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Monstrous Regiment -Lib Library Binding – Sep 2004

4.4 out of 5 stars 10 customer reviews

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Product Details

  • Library Binding: 405 pages
  • Publisher: Turtleback Books: A Division of Sanval (September 2004)
  • Language: English
  • ISBN-10: 1417664592
  • ISBN-13: 978-1417664597
  • Product Dimensions: 3.2 x 11.4 x 17.8 cm
  • Shipping Weight: 272 g
  • Average Customer Review: 4.4 out of 5 stars 10 customer reviews
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Product Description

From Booklist

Pratchett flexes his satirical muscles again, with the follies of war his theme. Polly Oliver has disguised herself as a boy to join the army of Borogravia, which is always at war and bursting with patriotism, though the Borogravians are often less than clear on why they are fighting. But then, as followers of a god who believes that cats, babies, and cheese are abominations, they are used to contradictions; they mostly pray to their duchess, who may be dead. Their latest war has interfered with the commerce of Ankh-Morpork, which has dispatched Sam Vimes to bring matters to a "satisfactory" conclusion. But Sam still thinks more like the city watchman he was than the duke he now is, and this confuses people. Meanwhile, Polly's regiment, the Ins-and-Outs, has become quite high-profile, what with having, it is said, a vampire, a werewolf, and an Igor in its ranks, and with capturing, quite unexpectedly, the Zlobenian prince and his soldiers, an event publicized by Ankh-Morpork newspaperman William de Worde. Anyway, they're suddenly popular in Ankh-Morpork, and they subsequently turn the war upside down, so that it doesn't end the way the propagandists would have liked. No surprise, of course, to Sam Vimes. Polly concludes that it is, on some level, all about socks. Thoroughly funny and surprisingly insightful. Regina Schroeder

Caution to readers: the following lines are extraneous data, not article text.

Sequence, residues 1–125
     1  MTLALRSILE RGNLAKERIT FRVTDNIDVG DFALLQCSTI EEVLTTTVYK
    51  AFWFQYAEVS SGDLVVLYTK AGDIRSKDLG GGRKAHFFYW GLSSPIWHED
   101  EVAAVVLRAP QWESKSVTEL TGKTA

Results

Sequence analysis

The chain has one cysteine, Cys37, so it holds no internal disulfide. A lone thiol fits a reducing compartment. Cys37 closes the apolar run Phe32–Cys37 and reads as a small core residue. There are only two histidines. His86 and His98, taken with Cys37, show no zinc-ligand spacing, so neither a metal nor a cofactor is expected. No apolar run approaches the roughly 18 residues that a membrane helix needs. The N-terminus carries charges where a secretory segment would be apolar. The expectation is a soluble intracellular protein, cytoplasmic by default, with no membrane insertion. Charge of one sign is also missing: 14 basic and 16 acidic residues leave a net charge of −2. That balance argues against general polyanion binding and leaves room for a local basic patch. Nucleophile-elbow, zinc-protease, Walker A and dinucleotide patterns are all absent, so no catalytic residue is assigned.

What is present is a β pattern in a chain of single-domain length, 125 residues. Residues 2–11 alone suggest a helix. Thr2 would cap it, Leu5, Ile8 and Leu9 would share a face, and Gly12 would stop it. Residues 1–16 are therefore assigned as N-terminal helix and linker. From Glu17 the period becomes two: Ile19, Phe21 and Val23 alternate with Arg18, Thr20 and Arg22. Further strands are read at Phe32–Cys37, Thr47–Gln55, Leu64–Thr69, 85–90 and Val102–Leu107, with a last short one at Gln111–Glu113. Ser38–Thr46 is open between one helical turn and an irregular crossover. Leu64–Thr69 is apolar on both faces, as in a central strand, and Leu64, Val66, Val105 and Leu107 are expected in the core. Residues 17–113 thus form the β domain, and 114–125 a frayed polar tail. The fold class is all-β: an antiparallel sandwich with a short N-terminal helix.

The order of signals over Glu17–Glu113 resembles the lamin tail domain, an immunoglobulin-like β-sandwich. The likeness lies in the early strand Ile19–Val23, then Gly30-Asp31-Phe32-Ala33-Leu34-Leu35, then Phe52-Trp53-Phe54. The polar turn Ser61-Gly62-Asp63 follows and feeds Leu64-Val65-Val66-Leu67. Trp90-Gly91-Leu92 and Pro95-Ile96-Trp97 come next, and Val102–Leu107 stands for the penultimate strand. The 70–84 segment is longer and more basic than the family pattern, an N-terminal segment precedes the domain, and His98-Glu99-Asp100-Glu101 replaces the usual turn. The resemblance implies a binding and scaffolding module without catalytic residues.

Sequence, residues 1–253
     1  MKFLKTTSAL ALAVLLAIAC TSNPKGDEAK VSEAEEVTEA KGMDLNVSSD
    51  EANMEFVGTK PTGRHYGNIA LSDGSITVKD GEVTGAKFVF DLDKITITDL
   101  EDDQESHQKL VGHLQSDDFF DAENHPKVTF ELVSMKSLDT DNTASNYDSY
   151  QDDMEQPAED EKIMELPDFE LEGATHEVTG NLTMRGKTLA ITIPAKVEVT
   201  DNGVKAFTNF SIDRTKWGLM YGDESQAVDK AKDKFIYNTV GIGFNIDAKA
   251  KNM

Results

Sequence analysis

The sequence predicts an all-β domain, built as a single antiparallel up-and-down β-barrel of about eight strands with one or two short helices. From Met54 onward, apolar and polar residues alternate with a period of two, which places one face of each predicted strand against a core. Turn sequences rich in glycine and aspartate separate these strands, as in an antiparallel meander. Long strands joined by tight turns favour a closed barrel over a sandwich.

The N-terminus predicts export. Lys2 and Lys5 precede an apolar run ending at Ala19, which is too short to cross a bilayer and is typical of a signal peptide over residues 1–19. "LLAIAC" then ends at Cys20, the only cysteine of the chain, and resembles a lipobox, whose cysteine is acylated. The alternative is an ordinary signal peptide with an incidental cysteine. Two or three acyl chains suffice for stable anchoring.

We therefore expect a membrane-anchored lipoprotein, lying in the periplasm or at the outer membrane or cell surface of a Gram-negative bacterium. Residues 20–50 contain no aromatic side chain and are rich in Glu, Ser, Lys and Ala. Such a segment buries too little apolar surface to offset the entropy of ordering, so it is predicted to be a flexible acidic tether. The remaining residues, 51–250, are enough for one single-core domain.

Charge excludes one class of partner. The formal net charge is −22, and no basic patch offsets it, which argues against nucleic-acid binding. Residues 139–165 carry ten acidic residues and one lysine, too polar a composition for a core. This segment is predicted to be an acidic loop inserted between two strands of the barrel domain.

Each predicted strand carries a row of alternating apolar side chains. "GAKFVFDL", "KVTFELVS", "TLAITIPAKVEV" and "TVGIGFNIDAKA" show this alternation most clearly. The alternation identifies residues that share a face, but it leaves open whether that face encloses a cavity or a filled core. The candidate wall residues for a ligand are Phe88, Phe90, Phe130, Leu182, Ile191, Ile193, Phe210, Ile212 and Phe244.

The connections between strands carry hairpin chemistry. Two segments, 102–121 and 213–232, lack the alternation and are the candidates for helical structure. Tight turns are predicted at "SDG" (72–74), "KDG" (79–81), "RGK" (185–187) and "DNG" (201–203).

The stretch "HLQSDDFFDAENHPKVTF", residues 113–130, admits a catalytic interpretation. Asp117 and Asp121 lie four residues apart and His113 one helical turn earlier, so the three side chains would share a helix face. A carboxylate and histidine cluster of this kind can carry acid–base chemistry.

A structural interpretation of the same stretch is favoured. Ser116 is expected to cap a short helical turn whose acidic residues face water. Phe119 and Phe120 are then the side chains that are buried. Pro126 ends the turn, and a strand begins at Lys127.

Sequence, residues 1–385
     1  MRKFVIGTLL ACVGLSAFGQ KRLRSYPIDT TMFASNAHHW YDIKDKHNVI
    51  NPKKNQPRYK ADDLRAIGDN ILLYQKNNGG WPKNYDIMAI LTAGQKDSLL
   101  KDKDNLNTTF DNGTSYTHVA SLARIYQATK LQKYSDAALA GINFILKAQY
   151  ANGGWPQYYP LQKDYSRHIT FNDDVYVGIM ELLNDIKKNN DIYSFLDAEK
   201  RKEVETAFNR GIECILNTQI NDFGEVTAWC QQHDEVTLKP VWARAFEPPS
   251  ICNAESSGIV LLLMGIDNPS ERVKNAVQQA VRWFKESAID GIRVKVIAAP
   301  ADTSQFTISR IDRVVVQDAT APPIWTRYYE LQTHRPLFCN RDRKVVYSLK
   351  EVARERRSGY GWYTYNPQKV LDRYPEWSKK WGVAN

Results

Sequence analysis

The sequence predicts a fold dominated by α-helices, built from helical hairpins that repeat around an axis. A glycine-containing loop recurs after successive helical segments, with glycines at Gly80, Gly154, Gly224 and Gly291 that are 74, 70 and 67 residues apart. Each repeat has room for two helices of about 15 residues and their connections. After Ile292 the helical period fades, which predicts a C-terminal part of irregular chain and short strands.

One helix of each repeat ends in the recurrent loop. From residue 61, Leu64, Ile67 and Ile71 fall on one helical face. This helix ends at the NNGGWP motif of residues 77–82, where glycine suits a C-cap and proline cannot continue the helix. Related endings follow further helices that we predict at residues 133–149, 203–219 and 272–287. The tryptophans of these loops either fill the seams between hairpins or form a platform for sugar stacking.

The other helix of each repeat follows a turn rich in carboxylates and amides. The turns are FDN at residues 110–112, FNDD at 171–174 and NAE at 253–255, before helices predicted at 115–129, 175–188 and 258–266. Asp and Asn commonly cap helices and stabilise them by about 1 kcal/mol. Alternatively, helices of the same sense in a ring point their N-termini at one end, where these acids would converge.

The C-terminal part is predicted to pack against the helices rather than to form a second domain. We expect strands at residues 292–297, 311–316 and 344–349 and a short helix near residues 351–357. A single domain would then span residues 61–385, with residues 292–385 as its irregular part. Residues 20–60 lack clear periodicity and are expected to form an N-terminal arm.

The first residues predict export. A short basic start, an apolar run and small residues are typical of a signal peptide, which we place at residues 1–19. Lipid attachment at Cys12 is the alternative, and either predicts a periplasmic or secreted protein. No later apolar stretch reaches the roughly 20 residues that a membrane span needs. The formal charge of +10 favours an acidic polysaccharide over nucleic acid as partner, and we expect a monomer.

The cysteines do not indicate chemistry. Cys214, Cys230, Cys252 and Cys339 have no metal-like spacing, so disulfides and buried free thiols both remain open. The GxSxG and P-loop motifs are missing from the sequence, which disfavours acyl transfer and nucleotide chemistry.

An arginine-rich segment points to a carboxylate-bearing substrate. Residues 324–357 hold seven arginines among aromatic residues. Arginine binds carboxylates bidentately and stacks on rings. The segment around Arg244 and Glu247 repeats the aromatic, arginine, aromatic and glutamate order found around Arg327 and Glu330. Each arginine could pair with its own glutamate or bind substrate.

Copyright © American Library Association. All rights reserved --This text refers to an out of print or unavailable edition of this title.


“Like Jonathan Swift, Prachett uses his other world to hold up a distorting mirror to our own, and like Swift he is a satirist of enormous talent… incredibly funny… compulsively readable.” -- The Times --This text refers to an out of print or unavailable edition of this title.

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4.4 out of 5 stars
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Top Customer Reviews

Format: Paperback
Monstrous Regiment is one of my favourite books, and the Discworld series is probably my favourite series of books. I'm afraid I'm a little biased, but I really do think this is an excellent book. The characters are all interesting and the overall pacing and plot are noteworthy. The main characters in this book are not recurring from others in the series, so they are a nice contrast to the regular casts. There are some traditional Discworld characters present as well. One of my favourite elements of this story is seeing Commander Vimes from an outside perspective. In the books that feature him we generally see the world through his eyes, and it is always an interesting contrast when we see how the world sees him.

One of the notable aspects of the Discworld series as a whole is it sometimes takes the traditional fantasy setting and uses it to explore issues that reflect reality. Monstrous Regiment does this as well. The setting is very focused on the group of main characters, and what happens to them. One of the really interesting parts of this book is that it could be a story in any war setting, only some of the characters and situations remind the reader that the book is a fantasy story. This shows that the fantasy genre is not limited to entirely unreal stories.

Overall, I would recommend this to anyone who likes the Discworld series, and to anyone who is interested in the variety of the fantasy genre. People who like war related stories might also like it, if they do not mind the fantasy setting.
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Format: Hardcover